Clear communications is important to your success. The more transparent you are and the more your various audiences understand, the better off everyone is. There is a point of diminishing returns. How much time are you wasting in your quest to be transparent? Recently I sat through a webinar detailing the changes that were occurring between my company and one of our business partners. I disconnected after 45 minutes. In that time approximately 10 minutes of valuable information was imparted. That information was repeated several times. Not only was most of the webinar wanted time, the information could have been imparted in an email. Webinars are hardly the only culprit of time wasting. How often have you had an exchange of emails going back and forth many times when the…
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Why You Should Have A ‘Personal’ Professional Website

Why You Should Have A ‘Personal’ Professional Website

Communication, Featured
The nature of work is changing. The world where you went to work after school and stayed with a company for your entire life are long gone. As more companies use consultants instead of employees, you have to treat your career as a business, and that includes how you market yourself. Having a website at yourname.com or yournamedescriptor.com gives you a place to showcase your abilities that you control. When you make a professional Facebook page, Facebook controls how many people see it, and what you can post. They can even take down your page if they decide you don't meet their standards. With your own personal site, you have control. Even if you are a small business owner, you should a website separate from your business site. The business…
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Marketing Doesn’t Take Place In A Vacuum

Marketing Doesn’t Take Place In A Vacuum

Communication, Featured
One of the most fundamental mistakes that companies (large and small) make in their marketing is the way they divide up the responsibility. Websites and SEO are managed by I.T. departments, advertising is handled by a marketing person, social media is handled by anyone who uses it in their personal life. By not coordinating marketing channels properly you lose much of the value you are trying to create. Each channel needs to work with the others. SEO is greatly affected by social media. Social media channels should be bringing traffic to your website and vice versa. Advertising should continue the branding of the website and other digital channels. Here are some steps to make the coordination simpler: Create a branding manual. Write down what colors, taglines, keywords, and messages can…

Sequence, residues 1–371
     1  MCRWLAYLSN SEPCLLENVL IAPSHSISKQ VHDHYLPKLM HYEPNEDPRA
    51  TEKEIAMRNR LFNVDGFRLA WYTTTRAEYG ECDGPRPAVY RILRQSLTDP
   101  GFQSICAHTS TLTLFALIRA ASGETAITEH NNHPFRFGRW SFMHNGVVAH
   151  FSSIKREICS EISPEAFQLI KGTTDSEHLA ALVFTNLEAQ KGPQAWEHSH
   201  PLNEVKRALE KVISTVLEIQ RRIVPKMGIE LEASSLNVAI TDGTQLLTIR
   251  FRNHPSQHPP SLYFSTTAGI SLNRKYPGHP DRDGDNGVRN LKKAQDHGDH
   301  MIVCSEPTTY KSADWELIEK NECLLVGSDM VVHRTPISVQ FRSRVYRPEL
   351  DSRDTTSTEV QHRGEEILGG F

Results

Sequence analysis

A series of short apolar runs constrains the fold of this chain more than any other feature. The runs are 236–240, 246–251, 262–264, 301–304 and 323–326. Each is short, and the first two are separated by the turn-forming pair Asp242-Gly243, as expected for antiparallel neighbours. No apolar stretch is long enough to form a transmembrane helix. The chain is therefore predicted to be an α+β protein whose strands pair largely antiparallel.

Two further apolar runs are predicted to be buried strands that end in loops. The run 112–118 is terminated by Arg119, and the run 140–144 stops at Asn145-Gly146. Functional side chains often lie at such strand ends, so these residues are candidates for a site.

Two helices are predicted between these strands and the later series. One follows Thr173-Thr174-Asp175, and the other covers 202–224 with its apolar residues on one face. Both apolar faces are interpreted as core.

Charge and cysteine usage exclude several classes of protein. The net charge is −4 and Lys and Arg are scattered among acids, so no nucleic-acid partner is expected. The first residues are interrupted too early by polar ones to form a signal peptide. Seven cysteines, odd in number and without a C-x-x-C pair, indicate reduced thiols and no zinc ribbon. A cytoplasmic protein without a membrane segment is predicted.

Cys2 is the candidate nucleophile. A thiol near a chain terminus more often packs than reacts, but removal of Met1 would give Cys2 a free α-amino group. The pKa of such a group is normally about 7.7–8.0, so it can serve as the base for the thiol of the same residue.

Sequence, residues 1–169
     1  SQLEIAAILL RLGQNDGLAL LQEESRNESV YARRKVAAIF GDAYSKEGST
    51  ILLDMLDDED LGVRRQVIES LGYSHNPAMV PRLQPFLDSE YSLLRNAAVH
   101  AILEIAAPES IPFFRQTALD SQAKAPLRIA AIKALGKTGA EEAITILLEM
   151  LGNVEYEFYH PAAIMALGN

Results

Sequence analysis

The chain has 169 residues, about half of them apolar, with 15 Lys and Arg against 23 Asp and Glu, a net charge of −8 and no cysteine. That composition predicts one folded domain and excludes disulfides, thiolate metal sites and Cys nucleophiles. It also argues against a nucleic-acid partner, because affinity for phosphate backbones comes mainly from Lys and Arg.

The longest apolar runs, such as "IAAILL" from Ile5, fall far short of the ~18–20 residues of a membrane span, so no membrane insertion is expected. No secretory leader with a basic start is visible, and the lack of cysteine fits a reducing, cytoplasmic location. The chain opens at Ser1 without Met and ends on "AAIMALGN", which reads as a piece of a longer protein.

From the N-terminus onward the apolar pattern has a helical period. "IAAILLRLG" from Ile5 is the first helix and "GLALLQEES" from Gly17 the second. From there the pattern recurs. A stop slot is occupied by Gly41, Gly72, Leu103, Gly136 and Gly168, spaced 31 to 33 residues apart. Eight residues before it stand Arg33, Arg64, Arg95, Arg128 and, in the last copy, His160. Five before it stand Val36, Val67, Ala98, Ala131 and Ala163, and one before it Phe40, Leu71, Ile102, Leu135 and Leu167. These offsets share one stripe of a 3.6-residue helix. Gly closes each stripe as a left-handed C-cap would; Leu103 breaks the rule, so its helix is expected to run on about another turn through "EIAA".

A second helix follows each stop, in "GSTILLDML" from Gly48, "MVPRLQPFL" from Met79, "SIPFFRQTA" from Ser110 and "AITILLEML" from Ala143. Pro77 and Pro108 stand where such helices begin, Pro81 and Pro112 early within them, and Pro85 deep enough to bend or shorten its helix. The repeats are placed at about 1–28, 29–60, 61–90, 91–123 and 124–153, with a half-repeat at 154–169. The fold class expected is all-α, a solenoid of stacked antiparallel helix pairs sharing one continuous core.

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Staying Connected is Key to Your Startup’s Survival — Here’s How to Nail Internal Comms

Staying Connected is Key to Your Startup’s Survival — Here’s How to Nail Internal Comms

Communication, Featured
When it comes to communications, founders are often laser-focused on the outward-facing victories, like securing a splashy podcast spot or landing the coveted cover story. But while earning external press helps to add a coat of polish to your brand, it’s the day-to-day work of internal comms that keeps the engine running. When teams are in sync, it fortifies every aspect of company and product-building. Making sure that everyone understands what’s going on, the role that they play and how to prioritize helps your company speed toward its goals. It’s also the secret to employee engagement: When an employee feels bought in, informed and listened to, you’re far more likely to hold on to your best talent. On the flip side, when the internal communication lines are faulty, instability threatens the entire company. Neglecting to seek perspectives…
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How Leaders Can Make Better Use of Feedback

How Leaders Can Make Better Use of Feedback

Attitude and Mindset, Communication, Featured
Do you get real value out of feedback? Sometimes leaders aren’t sure how to move from receiving it to using it to grow. To put your feedback into practice, Harvard Business Review recommends that you take the following steps. First, talk it through with someone who is trustworthy, curious — and not in a position to evaluate your performance. Ask them to listen carefully and help you sort through your thoughts. Next, draft a development plan. It should include a summary of the feedback, questions you have about it, the steps you’ll take to improve, and the help you’ll need. Then share this plan with the people who gave you the feedback, and use the opportunity to ask your questions. Don’t debate or get defensive. Next, revise your plan with…